Stopping momentum, part II

Submitted by club_med on December 3rd, 2012 at 10:55 AM

 

In the last installment, I investigated one case of what sports commentators refer to as “momentum” (where a team that makes a successful play will continue making to be successful): outcomes in overtime games. Looking through the CFBStats data from 2005-2011, I found that not only did teams that came from behind to force overtime fail to come out on top at an unusual rate, their outcomes were not affected by other factors such as being the home team or coming back from large deficits. However, I was not entirely exhaustive in my analysis, and two commenters, SpyinColumbus and cgnost, pointed out that it might be interesting to see what, if any role, rankings might play in determining outcomes in overtime.

 

As it turned out, integrating Sagarin rankings into the CFBStats data was fairly straightforward, and I created a table that matches the CFBStats ID codes (which are the same as used in the NCAA data that CFBStats is built from) with the names that Sagarin uses in his published data. So if you are working with these two data sets and want to put them together, here is the file to integrate these data sources, which is covered by an ODC PDDL (public domain).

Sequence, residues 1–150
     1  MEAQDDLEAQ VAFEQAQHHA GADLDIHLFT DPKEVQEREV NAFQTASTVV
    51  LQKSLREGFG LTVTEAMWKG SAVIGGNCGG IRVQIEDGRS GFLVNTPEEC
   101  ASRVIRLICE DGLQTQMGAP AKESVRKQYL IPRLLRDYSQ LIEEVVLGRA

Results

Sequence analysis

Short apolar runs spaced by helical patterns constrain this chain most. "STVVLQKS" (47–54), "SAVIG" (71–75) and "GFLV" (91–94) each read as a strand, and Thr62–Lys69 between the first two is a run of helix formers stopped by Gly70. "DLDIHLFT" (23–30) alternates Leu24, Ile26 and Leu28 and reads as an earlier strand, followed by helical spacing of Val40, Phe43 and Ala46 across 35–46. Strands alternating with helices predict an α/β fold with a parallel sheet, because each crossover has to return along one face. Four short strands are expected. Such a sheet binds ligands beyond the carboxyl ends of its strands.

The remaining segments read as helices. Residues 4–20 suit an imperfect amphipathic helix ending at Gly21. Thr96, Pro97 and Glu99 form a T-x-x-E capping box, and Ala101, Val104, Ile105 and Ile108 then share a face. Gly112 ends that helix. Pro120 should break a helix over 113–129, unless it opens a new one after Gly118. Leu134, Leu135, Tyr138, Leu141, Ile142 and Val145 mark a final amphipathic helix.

With this in mind, the first order of business was to address the issue of what, if any, differences emerge in terms of Sagarin rankings in determining overtime outcomes compared to whether or not teams come from behind. In essence, do teams that come from behind beat their Sagarin predictions? If so, this might suggest that teams coming from behind are bringing some momentum into overtime.

 

Again, I am considering the set of 230 overtime games from 2005-2011 (dropping the 2005 Arkansas State-Florida Atlantic 0-0 EOR game). I will focus on Sagarin’s “PREDICTOR” model as he regards this as the most useful predictor of game outcomes, though I will also present some analysis using “RATING” and “ELO_CHESS.” PREDICTOR accounts for margin of victory, while ELO_CHESS only considers game outcomes (Sagarin describes it as more “politically correct”). RATING is a synthesis of the two. I also used the year-by-year home advantage values to adjust these ratings, including the 2011 addition of separate values for home advantage for each of the ranking systems. Neutral site games are not adjusted.